Source: Consortium News
The mainstream U.S. news media, which hailed the Feb. 22 neo-Nazi-spearheaded coup overthrowing the democratically elected president of Ukraine as an expression of "democracy," is now decrying public uprisings in eastern Ukraine as a Russian-instigated "putsch."
It apparently has reached the point where the MSM is so tangled up in its propagandistic narrative that it can't give American readers anything close to an objective reading of what is actually going on in Ukraine or many other places, for that matter.
Airbrushed out of the picture is the fact that the uprising had financial support and political encouragement from U.S. officials, including neocon Assistant Secretary of State for European Affairs Victoria Nuland and the neocon-controlled, U.S.-funded National Endowment for Democracy. [See Consortiumnews.com's "What Neocons Want from Ukraine Crisis."]
Also, disappearing from the frame was the inconvenient truth that neo-Nazi militants organized themselves from the start as paramilitary units with the intent of staging a violent putsch against Yanukovych's elected government.
The MSM's simplistic narrative turned this complex Ukrainian reality into a morality play of good guys vs. bad guys, the noble protesters against the nasty Yanukovych backed by the even nastier Russian President Vladimir Putin.
For instance, the New York Times on Sunday published a long and flattering profile of a Ukrainian man named Yuri Marchuk who was wounded in clashes around Kiev's Maidan square in February. In the first half of the story, written by Alison Smale, we read about Marchuk's courage in standing and fighting with his brave comrades.
The Neo-Nazi Connection
Only in the latter half of the article do we get a hint of a darker side to the tale. We're told that Marchuk is "carefully skirting questions about the arrival of guns stolen from a government depot in the western Ukraine city of Lviv," which was sending hundreds of new militants daily to bolster the sagging protests.
But what we're not told by the Times is that Lviv is a neo-Nazi stronghold where 15,000 members of the far-right Svoboda party held a torchlight parade in honor of World War II Nazi collaborator Stepan Bandera and where Svoboda has been mounting a campaign to have the local airport named in honor of Bandera, whose fascist paramilitary force took part in the exterminations of Jews and Poles.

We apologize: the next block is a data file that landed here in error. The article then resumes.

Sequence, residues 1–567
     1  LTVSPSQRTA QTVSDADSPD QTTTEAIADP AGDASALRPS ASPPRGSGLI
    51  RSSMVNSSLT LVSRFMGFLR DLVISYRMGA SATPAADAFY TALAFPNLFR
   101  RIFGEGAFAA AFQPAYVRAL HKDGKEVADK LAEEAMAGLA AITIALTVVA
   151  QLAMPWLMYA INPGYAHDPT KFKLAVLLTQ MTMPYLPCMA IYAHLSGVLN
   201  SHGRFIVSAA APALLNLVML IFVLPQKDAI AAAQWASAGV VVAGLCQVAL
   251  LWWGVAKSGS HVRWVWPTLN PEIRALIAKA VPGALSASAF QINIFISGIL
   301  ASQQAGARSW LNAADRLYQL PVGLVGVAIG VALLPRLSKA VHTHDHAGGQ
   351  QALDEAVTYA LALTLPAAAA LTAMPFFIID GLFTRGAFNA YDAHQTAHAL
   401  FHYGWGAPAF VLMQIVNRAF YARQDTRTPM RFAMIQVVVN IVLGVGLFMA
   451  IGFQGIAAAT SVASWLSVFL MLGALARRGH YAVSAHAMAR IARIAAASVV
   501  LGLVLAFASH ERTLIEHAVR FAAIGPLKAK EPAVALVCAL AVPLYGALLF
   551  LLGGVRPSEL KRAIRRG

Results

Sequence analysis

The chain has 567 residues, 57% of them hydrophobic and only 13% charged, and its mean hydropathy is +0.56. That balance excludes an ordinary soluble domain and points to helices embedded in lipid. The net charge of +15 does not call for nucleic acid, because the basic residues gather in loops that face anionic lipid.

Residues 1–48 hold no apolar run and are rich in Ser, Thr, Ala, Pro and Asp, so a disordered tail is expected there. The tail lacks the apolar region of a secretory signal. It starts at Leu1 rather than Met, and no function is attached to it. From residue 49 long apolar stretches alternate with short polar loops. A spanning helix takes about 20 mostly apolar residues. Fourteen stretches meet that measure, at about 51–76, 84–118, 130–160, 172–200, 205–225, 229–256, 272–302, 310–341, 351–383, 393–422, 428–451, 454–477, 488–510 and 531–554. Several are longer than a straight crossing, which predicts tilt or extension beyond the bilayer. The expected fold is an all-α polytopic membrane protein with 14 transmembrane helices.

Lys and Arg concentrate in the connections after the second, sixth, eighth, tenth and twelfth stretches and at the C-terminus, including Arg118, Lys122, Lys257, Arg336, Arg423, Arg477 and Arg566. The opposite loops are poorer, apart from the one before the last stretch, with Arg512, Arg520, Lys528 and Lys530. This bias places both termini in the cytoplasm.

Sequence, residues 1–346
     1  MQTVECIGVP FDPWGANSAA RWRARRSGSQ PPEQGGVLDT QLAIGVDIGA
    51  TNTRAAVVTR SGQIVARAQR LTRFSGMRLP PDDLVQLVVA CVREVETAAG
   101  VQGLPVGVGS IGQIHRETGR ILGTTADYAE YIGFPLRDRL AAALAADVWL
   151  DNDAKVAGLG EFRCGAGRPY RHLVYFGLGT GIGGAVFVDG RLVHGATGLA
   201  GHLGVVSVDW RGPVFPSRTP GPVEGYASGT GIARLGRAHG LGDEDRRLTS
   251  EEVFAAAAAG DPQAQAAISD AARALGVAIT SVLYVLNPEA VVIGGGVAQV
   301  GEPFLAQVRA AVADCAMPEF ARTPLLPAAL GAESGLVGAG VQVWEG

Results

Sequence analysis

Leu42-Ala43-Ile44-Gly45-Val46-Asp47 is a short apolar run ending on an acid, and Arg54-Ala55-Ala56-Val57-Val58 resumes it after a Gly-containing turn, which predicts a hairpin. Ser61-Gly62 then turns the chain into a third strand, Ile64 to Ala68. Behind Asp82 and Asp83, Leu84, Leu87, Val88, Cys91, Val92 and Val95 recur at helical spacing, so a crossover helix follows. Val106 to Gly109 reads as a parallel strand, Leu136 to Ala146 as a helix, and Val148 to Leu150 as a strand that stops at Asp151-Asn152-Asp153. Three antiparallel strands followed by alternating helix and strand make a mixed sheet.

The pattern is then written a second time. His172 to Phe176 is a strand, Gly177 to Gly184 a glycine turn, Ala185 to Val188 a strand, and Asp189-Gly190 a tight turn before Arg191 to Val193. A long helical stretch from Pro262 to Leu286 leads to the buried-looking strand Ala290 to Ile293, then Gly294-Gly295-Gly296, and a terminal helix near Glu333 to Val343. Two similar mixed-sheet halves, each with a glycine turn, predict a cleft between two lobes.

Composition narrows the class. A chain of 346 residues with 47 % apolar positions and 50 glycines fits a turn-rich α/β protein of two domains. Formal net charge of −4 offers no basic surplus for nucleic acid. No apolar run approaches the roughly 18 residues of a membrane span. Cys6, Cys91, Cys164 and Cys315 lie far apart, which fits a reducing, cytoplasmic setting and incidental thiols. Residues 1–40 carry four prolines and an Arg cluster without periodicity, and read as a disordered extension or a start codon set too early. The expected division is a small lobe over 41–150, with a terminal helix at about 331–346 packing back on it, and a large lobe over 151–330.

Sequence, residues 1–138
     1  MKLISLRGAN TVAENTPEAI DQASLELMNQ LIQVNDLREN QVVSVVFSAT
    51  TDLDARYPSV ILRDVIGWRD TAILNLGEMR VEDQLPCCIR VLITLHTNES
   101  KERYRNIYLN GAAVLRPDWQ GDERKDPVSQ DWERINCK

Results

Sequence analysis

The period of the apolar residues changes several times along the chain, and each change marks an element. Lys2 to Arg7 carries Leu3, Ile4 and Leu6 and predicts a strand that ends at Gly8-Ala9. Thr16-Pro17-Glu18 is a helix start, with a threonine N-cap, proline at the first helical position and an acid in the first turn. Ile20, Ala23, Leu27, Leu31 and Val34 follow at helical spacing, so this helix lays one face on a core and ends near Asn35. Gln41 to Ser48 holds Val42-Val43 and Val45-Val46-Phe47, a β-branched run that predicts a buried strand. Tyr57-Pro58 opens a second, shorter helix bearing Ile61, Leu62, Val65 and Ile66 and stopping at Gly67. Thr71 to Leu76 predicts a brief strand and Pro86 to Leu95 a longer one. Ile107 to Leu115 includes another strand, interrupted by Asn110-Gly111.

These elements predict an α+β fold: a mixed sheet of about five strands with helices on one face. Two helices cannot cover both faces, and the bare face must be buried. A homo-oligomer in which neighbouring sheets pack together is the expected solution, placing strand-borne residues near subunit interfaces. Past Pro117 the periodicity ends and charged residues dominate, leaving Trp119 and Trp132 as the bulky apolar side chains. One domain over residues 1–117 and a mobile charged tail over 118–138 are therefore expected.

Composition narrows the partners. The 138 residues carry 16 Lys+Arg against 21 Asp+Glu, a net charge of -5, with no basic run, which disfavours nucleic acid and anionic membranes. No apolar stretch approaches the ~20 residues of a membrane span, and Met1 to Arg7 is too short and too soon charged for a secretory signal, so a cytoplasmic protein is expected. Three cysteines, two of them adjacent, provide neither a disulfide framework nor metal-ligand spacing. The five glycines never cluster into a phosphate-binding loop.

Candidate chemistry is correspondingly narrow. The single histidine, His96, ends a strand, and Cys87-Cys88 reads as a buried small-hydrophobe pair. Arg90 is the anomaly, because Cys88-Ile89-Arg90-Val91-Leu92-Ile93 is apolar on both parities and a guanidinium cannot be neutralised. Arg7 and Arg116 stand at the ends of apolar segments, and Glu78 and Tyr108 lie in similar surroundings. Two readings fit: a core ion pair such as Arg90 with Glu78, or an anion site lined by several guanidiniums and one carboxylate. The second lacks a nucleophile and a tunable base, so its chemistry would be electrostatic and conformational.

However, since it's been the consistent MSM practice to white-out the role of the neo-Nazi brown shirts -- all the better to protect the pleasant narrative of a Kiev Spring -- the Times ignores the Bandera angle and the significance of the Lviv reference.
Instead, we're simply told: "organizers in Lviv said they alone were sending 600 people a day to Kiev. That enabled exhausted defenders [of the Maidan protests] to eat and sleep while new arrivals built barricades and then, early on Feb. 20, thrust toward the Berkut [police] positions."
It was during that clash when Marchuk, a leader of a "sotin" or paramilitary force of 100 fighters, was shot in the right leg and suffered other wounds. After getting a splint on his leg, Marchuk said he returned to City Hall "checking on the fate of the 35 members of his hundred who had volunteered for that Thursday. Two were killed, 12 wounded, the rest all right, he found," the Times reported.
We have to read down even further, to the fourth paragraph from the end, to learn that Marchuk is "close to Oleg Tyagnibok, leader of the nationalist Svoboda party," though again the significance of that fact is not explained. The article continues in heroic terms:
"In these revolutionary times, he [Marchuk] suggested, it is not enough simply to be a patriot. You have to defend what you treasure. 'To sit in the kitchen and simply cry about how much we love Ukraine, that is a crime,' he said."
But what is left out of this story is far more important than what is put in. The reporter should have pressed Marchuk about exactly what he thinks Ukrainians should "treasure," whether he admires Nazi collaborator Bandera and what he would like to do with the ethnic Russians living in east and south Ukraine, Yanukovych's "base" in the 2010 election.
Wouldn't the story have been more interesting to Times' readers if Smale had blended the grays of Marchuk's far-right politics into this two-dimensional tale of the "white hat" Marchuk fighting bravely against the "black hat" Yanukovych.